The Yaquina Lighthouse served as a natural backdrop to Aylesworth’s presentation during a tour stop there by the commission as well as Marine Resources Program managers.

The commission came to Newport to conduct its monthly meeting but also took the time to hear about various other programs along the Oregon Coast. Marine resources managers shared updates on topics such as offshore wind, fish research, regulation changes, and fishery impacts.

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Ecological Team Updates

hook and line surveys

Hook-and-line: Spring hook-and-line surveys out of Garibaldi have been concluded for the 2023 spring season. A total of five trips were made, with 39 volunteers. Variable weather and last-minute trips characterized the last push of surveys and volunteers caught a total of 366 fish. Hook-and-line surveys are planned for the fall out of Garibaldi and Port Orford targeting the Cape Falcon and Redfish Rocks Marine Reserves and their associated comparison areas.

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SMURFs: Standard Monitoring Units for Recruitment of Fishes, or SMURFs, have been deployed at the Redfish Rocks and Otter Rock Marine Reserves with the help of Oregon State University. Our team and partners have begun sampling of SMURFs this month in which they retrieve each SMURF and collect the juvenile fishes that have settled in the structure, while replacing it with a new SMURF. Sampling will occur bi-weekly until early fall.


SCUBA: SCUBA surveys have been completed at the Otter Rock Marine Reserve with help from dive partners at the Oregon Coast Aquarium and Oregon State University. Six days of dive surveys were completed this spring.


Intertidal: Intertidal surveys targeting mussel and sea star densities and abundance will occur during the upcoming low tide series. The first days are planned for July 5th and 6th and again for August 2nd and 3rd.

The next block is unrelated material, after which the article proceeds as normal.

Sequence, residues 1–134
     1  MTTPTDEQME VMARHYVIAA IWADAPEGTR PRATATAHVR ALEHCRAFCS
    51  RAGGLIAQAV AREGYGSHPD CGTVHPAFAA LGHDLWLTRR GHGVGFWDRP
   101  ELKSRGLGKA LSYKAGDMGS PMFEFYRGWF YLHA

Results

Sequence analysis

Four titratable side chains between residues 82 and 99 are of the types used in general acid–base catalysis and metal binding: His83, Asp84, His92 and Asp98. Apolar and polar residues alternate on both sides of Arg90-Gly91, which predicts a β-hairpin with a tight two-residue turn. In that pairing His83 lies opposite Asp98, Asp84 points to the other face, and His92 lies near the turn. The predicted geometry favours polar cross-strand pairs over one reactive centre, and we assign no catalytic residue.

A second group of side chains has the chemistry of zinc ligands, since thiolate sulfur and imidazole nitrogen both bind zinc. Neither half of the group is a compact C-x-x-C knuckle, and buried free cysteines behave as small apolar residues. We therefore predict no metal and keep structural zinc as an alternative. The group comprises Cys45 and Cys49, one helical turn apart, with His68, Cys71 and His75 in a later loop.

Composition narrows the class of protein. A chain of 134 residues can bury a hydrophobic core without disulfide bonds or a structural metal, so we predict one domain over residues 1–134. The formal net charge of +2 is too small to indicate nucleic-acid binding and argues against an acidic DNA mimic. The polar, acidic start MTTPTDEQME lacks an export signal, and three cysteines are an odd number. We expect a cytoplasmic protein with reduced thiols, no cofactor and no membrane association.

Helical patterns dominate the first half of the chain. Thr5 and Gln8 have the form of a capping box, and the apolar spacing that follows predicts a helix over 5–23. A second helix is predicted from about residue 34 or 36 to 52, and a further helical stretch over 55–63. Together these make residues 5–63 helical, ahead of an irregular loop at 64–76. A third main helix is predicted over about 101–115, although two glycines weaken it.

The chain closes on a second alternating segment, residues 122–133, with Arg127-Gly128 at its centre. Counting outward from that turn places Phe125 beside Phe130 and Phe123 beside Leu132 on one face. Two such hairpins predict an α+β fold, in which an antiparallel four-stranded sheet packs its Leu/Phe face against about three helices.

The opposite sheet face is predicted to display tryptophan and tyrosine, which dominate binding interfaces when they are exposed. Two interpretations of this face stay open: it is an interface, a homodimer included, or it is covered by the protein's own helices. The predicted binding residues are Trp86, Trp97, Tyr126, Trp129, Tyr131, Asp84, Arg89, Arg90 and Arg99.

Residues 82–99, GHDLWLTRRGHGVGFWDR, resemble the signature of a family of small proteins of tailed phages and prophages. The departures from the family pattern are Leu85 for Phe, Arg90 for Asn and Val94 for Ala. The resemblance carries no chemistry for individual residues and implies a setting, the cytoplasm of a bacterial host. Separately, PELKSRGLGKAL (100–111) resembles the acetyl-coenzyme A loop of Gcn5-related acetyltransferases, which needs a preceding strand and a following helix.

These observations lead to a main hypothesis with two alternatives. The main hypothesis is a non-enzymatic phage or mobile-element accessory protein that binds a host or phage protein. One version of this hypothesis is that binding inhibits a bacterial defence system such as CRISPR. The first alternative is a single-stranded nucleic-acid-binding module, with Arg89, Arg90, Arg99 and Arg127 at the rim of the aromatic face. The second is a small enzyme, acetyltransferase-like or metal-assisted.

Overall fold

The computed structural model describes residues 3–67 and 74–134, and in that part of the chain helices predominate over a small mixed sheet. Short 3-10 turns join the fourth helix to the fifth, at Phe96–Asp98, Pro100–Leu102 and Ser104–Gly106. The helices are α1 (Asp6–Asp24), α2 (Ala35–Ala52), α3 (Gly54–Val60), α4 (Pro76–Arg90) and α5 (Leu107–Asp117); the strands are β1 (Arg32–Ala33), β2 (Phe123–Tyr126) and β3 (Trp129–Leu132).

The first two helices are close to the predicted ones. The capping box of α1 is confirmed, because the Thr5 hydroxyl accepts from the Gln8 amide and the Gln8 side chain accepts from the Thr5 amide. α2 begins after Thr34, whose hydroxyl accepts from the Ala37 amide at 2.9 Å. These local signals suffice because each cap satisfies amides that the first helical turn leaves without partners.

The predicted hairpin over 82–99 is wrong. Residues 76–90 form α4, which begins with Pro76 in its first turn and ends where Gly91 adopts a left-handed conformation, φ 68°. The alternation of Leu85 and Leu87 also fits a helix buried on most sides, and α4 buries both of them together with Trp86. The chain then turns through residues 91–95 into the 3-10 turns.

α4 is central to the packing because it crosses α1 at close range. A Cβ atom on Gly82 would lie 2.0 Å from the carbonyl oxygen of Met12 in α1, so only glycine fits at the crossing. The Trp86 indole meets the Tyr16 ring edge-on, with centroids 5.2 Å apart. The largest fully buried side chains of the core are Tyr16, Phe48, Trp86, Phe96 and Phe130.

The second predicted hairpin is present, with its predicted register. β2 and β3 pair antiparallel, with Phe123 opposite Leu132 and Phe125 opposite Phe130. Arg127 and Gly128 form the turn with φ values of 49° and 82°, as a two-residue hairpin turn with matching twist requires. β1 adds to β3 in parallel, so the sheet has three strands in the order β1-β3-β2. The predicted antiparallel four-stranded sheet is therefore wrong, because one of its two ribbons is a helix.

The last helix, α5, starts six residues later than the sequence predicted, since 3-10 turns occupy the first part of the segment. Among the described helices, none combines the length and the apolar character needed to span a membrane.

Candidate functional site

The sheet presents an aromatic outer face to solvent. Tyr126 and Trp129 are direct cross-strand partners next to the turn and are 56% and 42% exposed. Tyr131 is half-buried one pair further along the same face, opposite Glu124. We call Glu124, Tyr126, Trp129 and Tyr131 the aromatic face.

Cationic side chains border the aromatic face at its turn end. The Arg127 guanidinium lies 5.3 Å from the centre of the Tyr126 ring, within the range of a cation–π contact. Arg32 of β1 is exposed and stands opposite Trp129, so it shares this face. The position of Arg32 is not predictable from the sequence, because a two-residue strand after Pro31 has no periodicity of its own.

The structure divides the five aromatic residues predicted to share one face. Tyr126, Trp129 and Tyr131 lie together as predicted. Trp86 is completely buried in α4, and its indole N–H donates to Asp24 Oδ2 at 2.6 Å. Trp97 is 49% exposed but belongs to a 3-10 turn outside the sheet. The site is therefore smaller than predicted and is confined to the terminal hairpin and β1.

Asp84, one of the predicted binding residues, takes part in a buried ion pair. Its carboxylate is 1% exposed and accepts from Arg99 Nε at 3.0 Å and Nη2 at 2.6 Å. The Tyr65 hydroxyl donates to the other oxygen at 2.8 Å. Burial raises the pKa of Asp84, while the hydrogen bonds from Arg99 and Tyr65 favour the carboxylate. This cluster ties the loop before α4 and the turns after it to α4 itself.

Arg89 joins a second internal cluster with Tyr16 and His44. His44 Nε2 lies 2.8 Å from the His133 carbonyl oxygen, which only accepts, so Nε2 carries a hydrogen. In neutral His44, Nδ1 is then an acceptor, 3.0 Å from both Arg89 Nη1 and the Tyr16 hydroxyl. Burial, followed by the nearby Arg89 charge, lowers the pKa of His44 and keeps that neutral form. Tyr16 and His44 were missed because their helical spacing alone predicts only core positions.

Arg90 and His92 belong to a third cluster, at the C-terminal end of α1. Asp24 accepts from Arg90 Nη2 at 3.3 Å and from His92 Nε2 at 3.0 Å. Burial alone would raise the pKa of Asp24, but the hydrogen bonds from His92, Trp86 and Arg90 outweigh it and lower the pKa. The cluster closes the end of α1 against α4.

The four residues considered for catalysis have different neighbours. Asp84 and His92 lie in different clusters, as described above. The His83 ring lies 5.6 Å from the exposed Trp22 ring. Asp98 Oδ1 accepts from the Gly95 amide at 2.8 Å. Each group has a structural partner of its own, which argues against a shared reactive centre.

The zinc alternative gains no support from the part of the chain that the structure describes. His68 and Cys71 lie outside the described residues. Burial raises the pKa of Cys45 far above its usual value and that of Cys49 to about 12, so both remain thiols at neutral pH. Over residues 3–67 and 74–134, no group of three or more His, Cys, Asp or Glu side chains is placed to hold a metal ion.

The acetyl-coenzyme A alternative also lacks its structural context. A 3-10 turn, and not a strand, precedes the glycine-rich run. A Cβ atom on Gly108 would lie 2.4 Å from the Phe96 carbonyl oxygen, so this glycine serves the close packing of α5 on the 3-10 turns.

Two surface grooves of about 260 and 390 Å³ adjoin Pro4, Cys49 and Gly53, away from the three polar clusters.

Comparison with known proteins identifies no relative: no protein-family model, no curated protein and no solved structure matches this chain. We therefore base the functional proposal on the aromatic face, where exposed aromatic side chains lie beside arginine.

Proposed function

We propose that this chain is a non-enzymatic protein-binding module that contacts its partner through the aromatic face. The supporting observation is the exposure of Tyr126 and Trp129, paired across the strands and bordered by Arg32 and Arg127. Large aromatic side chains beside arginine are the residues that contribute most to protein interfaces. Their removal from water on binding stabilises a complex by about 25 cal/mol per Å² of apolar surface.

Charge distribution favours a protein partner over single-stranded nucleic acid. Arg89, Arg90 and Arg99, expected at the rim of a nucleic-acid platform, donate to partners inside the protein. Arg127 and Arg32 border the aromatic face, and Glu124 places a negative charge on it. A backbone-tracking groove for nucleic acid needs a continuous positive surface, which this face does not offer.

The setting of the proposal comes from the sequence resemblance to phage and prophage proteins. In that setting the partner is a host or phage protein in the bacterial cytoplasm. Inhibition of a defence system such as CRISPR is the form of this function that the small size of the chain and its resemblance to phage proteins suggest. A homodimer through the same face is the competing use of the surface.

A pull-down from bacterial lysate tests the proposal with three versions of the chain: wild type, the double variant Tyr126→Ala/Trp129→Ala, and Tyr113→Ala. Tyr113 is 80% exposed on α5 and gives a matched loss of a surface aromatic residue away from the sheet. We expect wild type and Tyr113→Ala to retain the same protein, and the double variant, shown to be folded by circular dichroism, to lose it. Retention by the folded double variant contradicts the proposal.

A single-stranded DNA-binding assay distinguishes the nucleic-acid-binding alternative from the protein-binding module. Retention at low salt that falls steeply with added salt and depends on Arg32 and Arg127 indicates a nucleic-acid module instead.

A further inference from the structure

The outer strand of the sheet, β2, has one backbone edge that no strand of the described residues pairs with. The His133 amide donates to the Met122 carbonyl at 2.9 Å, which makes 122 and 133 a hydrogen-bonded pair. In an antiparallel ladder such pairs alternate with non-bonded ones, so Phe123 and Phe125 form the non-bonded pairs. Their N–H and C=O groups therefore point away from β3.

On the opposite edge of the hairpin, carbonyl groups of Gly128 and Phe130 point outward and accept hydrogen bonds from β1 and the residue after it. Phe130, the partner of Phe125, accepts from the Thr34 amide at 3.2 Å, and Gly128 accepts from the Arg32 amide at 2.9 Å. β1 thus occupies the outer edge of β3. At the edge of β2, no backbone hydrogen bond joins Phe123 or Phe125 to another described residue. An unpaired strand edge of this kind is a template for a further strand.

New Staff Update

We are pleased to announce a new Ecological Project Leader - Dr. Moritz Schmid.


After receiving an M.Sc. in nature conservation and a PhD in oceanography, he settled on the Oregon Coast working at Oregon State University. Starting with his PhD and extending through his work at OSU, Moritz has been working at the intersection of ecology, computer science, and ocean technology, focusing on underwater camera systems and AI to better understand larval fish dynamics in the California Current. In his position at ODFW he is looking forward to bringing together his background in nature conservation and ecology, with his knowledge of the Oregon Coast’s oceanography to address the goals of the Marine Reserves Program. Mo will join our team starting in mid-July.

We also want to acknowledge the hard work of our Ecological Assistant Project Leader, Stephanie Fields, who has stepped up for the last year to lead the Ecological Monitoring Team during a time of staff transitions. Thank you, Stephanie!


Marine Reserves News Moves to Quarterly Editions

We will be shifting from a monthly newsletter to a quarterly newsletter because of staff capacity changes resulting from the 2023 Oregon Legislature session.
Our Outreach and Community Engagement Project Leader position has been removed from the two-year program budget beginning July 1st. In an effort to share program updates on research activities and findings, the newsletter will now come out quarterly.

With the loss of this position, we will also be experiencing a shift on our team. We are grateful to have had Kendall Smith fill the role of Outreach and Community Engagement Project Leader. She will transition July 1 back into the position of Natural Resource Policy Fellow funded through Oregon Sea Grant and assigned to the Marine Reserves Program.

Kendall took on this role in March despite its legislative uncertainty. She worked to reinvigorate relationships with community teams, maintain marine reserve communication channels, and support new and existing outreach events.
Thank you, Kendall, for your passion and commitment to this work. We look forward to charting a new course with you as our Natural Resource Policy Fellow.